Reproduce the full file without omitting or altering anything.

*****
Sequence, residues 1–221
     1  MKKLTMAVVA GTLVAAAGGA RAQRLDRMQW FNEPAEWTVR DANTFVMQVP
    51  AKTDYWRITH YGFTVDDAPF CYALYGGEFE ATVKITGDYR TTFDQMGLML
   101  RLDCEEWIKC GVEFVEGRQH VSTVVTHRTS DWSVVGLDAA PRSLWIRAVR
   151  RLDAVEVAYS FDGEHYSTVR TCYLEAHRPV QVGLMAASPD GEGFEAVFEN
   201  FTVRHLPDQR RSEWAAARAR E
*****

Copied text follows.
Sequence, residues 1–221
     1  MKKLTMAVVA GTLVAAAGGA RAQRLDRMQW FNEPAEWTVR DANTFVMQVP
    51  AKTDYWRITH YGFTVDDAPF CYALYGGEFE ATVKITGDYR TTFDQMGLML
   101  RLDCEEWIKC GVEFVEGRQH VSTVVTHRTS DWSVVGLDAA PRSLWIRAVR
   151  RLDAVEVAYS FDGEHYSTVR TCYLEAHRPV QVGLMAASPD GEGFEAVFEN
   201  FTVRHLPDQR RSEWAAARAR E